Oppression of Indigenous Australians is a prominent theme in Australian history. Despite encountering Indigenous Australians upon their arrival, members of the First Fleet invoked the principle of terra nullius to claim the continent. This was followed by a long period of recurrent massacres and violent conflicts. By the 20th century, the Australian government adopted a policy of forcibly separating mixed-race Indigenous children from their families, which remained in place until the 1970s.[8][9][10]

In 1987, the Royal Commission into Aboriginal Deaths in Custody was appointed to investigate 99 cases of Aboriginal deaths in custody during the 1980s. As of 5 June 2020, an additional 434 Aboriginal Australians had died in custody since the commission's findings were handed down in 1991.[11] As of 2016, while Indigenous Australians accounted for roughly 2% of Australia's total population, they made up 27% of the national prison population, with incarceration rates rising markedly in the preceding decade.[12]

The George Floyd protests in Australia often referenced recent instances of Aboriginal deaths in custody. These include: the 2014 death of Ms Dhu in police custody;[13] the 2015 death of David Dungay (whose final words were "I can't breathe") in a prison hospital;[14][15] the 2017 death of Tanya Day in a police cell;[16] and the forceful arrest of an Aboriginal teenager on 1 June 2020.[17]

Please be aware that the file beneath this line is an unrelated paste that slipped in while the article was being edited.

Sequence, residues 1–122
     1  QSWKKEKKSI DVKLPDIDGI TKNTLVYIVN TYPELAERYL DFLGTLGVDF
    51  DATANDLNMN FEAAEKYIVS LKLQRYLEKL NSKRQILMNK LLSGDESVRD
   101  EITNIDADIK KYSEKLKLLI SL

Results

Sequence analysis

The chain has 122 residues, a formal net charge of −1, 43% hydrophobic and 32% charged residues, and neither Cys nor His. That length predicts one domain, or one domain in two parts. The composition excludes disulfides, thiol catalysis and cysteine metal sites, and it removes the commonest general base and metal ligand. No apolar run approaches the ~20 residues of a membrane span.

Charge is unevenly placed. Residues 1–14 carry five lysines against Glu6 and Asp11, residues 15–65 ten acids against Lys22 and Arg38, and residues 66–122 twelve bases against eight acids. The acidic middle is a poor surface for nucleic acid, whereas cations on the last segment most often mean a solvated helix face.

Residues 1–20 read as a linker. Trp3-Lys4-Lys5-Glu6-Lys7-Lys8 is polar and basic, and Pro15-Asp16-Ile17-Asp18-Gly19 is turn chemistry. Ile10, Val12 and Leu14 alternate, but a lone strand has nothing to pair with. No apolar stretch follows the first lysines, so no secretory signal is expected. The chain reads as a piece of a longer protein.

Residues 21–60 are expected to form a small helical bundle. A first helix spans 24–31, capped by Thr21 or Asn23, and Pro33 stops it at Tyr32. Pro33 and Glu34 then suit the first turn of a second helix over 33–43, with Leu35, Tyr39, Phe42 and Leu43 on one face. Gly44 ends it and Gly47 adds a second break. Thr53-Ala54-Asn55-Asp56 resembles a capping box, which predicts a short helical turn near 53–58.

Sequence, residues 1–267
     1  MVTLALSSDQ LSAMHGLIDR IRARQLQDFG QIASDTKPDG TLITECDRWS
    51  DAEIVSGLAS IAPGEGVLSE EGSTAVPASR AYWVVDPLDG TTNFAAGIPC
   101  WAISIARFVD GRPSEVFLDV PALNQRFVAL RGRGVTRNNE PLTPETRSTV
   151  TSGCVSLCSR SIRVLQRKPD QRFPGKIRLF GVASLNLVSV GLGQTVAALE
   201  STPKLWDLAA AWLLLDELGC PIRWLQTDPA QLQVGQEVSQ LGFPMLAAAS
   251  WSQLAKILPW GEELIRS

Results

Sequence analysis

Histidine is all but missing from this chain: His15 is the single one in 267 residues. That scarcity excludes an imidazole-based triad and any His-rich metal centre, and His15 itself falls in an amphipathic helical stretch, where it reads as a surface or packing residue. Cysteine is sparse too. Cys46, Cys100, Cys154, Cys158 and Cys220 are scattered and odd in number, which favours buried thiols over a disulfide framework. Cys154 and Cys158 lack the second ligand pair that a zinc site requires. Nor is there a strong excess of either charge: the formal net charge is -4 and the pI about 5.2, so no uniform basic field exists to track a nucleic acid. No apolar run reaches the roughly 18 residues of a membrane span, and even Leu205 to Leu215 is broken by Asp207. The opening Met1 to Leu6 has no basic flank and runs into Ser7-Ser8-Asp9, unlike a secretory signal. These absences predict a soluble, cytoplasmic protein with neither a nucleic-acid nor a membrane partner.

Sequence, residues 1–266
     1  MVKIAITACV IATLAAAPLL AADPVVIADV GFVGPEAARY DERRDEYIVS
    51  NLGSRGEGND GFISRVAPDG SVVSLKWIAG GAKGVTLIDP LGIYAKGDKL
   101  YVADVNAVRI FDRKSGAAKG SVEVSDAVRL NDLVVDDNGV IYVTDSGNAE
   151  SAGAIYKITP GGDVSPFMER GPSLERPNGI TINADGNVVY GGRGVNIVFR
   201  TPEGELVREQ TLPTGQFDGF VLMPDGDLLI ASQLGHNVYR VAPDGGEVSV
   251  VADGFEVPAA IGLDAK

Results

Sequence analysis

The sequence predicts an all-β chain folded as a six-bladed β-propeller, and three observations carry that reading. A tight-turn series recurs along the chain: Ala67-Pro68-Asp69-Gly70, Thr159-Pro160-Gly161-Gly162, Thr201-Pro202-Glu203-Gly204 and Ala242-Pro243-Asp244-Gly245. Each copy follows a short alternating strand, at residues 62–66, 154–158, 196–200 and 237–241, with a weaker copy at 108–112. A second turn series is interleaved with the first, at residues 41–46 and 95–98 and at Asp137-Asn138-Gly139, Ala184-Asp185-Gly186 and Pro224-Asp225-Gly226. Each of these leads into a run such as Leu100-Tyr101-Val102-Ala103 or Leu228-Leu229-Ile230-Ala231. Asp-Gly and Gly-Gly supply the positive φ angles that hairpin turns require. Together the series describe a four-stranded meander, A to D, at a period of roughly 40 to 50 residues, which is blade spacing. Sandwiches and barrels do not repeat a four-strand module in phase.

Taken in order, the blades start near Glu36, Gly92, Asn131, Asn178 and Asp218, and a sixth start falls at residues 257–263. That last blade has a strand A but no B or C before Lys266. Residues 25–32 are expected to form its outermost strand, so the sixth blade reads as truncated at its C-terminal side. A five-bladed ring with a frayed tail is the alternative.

Many Indigenous people have been frustrated that it took the death of a black man in the US to bring the focus onto the injustices here in Australia.[18]


Prime Minister Scott Morrison stated his beliefs that violent protests would not create change. He warned against Australian demonstrations taking a similar course as "there's no need to import things happening in other countries."[19] Following major Australia-wide protests on 6 June, Morrison called them "completely unacceptable" and demanded an end to further protests. In addition to concerns around COVID-19, he stated that some protests had been hijacked by left-wing movements, and called for demonstrators at future events to be charged.[20] However, after being challenged on his assertion that there had not been slavery in Australia, Morrison acknowledged that "all sorts of hideous practices" had taken place in the past.[18]

The Labor Party did not directly criticise people protesting, but said that everyone should follow the authorities’ health advice. Senior Indigenous MP Linda Burney said that it was important for the media to focus on the issues, not whether people protested or not.[18]


Australian Capital Territory[edit]

New South Wales[edit]